Sympathicotonic orthostatic intolerance (hypotension, tachycardia, or both) is associated with normal or excessive orthostatic increases in plasma norepinephrine concentration and is reversible by the inflation of a military anti-shock trouser suit enveloping the lower limbs and abdomen. These facts suggest that one possible mechanism of the disorder might be a defect in alpha-adrenergic receptor or postreceptor responsiveness of the veins or arterioles. We have investigated in 11 patients and 15 healthy controls the blood pressure and heart rate responses to increasing rates of intravenous norepinephrine infusion (1 to 16 micrograms/min), the dorsal hand vein contractile responses to increasing rates of norepinephrine infusion (1 to 256 ng/min) with a linear variable differential transformer, and the platelet alpha 2-adrenergic receptor densities and dissociation constants. No statistically significant difference in any of these parameters was found between the normal subjects and nine of the 11 patients with orthostatic intolerance. The venous contractile response to norepinephrine was excessive in one patient and was virtually absent in another. Because supersensitivity of the hand veins to norepinephrine suggests up-regulation of alpha 2-receptors resulting from postganglionic autonomic insufficiency, this finding in one patient with sympathicotonic orthostatic hypotension might have been caused by venous denervation. The venous unresponsiveness to norepinephrine in the other patient presumably resulted from a defect in the venous receptors or smooth muscle function. It is evident that norepinephrine responsiveness and the innervation of the arterioles and hand veins was normal in the other nine patients, in whom the defect must have been mediated by some other mechanism.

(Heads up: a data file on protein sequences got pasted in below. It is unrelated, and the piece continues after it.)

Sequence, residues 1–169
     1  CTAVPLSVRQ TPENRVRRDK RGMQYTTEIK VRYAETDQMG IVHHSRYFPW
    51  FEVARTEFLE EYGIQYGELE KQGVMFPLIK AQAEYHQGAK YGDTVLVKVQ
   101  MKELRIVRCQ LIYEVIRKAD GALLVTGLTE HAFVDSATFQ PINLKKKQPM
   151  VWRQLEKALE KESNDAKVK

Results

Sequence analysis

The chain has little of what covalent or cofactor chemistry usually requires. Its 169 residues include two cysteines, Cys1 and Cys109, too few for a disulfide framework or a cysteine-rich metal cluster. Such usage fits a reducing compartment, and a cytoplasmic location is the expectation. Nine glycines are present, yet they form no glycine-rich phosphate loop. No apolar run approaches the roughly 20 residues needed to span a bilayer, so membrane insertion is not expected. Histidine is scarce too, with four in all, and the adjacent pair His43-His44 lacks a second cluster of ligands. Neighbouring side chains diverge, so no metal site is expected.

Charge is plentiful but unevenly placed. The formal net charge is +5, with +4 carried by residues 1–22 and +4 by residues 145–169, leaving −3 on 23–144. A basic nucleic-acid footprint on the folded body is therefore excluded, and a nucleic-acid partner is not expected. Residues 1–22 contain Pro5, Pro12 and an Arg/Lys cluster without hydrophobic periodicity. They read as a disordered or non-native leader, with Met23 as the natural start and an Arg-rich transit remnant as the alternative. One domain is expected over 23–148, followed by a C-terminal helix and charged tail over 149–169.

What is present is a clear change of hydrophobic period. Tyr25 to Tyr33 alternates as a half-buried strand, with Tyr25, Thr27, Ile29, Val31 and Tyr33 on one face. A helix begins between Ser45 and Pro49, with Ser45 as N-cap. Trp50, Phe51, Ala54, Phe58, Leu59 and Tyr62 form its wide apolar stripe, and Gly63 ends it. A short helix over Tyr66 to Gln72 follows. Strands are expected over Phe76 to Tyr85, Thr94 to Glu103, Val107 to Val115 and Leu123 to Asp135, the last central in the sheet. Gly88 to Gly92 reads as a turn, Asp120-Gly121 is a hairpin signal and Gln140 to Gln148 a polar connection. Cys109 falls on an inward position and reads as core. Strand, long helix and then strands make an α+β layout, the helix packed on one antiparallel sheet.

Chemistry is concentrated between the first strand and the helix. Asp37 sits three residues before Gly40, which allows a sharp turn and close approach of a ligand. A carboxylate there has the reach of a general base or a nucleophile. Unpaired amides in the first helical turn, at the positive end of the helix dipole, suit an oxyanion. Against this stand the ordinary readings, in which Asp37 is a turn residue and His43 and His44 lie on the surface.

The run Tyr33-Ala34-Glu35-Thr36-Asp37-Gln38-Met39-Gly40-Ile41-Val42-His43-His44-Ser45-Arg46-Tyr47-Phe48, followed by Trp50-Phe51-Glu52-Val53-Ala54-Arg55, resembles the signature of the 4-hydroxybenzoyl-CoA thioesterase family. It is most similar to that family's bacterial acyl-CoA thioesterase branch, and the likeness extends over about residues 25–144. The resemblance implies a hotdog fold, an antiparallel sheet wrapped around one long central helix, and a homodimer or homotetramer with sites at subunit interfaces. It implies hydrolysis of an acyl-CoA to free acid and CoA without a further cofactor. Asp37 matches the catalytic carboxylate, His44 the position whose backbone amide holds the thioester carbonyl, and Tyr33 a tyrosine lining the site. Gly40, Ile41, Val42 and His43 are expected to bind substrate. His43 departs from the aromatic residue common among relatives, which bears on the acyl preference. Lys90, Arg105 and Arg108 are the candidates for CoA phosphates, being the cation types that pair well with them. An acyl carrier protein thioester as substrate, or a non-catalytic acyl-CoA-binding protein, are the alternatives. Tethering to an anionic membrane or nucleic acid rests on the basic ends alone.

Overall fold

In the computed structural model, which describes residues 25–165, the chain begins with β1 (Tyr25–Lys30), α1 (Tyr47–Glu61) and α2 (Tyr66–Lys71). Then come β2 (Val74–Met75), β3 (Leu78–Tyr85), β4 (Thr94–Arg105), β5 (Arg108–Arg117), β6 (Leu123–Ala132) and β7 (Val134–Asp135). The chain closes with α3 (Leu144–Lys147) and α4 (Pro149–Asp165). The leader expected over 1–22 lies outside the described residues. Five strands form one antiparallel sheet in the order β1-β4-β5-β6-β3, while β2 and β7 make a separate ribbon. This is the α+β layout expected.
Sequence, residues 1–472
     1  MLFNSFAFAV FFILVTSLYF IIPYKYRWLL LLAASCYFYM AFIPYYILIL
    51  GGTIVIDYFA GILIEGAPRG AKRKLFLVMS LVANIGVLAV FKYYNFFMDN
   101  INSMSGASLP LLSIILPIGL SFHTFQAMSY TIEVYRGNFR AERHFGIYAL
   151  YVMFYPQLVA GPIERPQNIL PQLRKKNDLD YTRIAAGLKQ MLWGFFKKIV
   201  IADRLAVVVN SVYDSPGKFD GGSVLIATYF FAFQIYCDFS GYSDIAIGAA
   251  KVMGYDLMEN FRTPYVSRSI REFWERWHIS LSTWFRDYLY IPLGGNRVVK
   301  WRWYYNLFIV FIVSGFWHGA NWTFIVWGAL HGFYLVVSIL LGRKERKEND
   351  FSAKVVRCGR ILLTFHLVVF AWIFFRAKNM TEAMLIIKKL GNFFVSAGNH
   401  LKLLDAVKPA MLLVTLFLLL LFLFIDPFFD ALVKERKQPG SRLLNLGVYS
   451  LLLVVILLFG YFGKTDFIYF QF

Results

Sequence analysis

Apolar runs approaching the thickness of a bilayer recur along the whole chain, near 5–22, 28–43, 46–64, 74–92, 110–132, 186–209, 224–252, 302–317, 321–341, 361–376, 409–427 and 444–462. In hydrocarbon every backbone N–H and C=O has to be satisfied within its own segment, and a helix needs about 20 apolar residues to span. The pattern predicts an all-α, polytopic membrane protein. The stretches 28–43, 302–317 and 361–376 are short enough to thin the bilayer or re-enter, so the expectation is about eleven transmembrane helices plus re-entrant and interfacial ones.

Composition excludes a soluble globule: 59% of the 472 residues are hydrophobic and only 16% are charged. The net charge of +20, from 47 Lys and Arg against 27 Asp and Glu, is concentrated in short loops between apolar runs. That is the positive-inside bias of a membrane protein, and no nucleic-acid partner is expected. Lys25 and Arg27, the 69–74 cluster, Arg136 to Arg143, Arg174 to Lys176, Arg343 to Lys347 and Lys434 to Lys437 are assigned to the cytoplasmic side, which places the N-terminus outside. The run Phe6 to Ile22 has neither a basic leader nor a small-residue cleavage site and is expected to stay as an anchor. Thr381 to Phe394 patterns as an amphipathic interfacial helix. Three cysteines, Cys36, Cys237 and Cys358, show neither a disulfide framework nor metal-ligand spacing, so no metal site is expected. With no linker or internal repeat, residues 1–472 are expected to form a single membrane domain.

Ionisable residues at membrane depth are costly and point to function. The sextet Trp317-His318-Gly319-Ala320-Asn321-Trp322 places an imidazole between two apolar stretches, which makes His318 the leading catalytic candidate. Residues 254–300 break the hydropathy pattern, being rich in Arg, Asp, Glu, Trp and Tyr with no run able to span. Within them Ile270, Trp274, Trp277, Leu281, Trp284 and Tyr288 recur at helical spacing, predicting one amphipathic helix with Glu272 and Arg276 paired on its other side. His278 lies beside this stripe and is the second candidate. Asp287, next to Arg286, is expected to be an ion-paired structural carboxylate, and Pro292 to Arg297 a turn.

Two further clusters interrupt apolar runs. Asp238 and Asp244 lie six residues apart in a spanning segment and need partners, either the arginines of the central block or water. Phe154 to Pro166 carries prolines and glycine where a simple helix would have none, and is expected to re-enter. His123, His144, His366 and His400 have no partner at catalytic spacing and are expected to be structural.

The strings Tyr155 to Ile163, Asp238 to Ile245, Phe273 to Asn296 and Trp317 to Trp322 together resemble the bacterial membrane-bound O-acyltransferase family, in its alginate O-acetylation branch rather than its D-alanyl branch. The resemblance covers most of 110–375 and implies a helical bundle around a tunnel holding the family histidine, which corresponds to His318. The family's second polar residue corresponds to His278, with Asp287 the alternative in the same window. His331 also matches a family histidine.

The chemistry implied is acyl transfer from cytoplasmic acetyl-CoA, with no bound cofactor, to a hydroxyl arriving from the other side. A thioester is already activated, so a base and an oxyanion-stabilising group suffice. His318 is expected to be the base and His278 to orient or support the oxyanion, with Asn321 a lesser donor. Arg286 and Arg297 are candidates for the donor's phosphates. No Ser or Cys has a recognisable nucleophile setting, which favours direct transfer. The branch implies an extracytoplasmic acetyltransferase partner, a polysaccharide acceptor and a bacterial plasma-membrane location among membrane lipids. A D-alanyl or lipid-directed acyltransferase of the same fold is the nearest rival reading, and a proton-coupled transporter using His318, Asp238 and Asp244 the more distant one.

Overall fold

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Pathogenesis of hyperadrenergic orthostatic hypotension. Evidence of disordered venous innervation exclusively in the lower limbs.

Streeten DH.

Department of Medicine, State University of New York Health Science Center, Syracuse 13210.

J Clin Invest 1990 Nov;86(5):1582-8

The pathogenesis of hyperadrenergic orthostatic hypotension was studied in eight patients. Correction of the abnormal orthostatic changes by an inflated pressure suit (MAST) confirmed previous evidence of excessive gravitational pooling of blood in the leg veins. Intravenous L-norepinephrine infusion raised diastolic blood pressure in the same relationship to the infusion-induced increments in plasma norepinephrine concentrations as in normal subjects, indicating normal arteriolar responses. Contractile responses of the veins to infused L-norepinephrine were measured with a linear variable differential transformer (LVDT). The venous responses of hand veins in the patients fell within the 95% confidence limits of the responses of normal hand veins, as did the responses of foot veins in the seven normal subjects. However, foot veins of the patients with hyperadrenergic orthostatic hypotension, and both hand and foot veins of patients with "diffuse" autonomic failure, were supersensitive to norepinephrine, as reflected by a steeper slope of the regression of log (norepinephrine infusion rate) on percentage reduction in venous distensibility, and a significantly lower ED50 (i.e., norepinephrine infusion rate that induced 50% reduction in venous distensibility). The findings suggest anatomical or functional postganglionic denervation of lower limb veins causing excessive gravitational blood pooling with consequent orthostatic hypotension in these patients.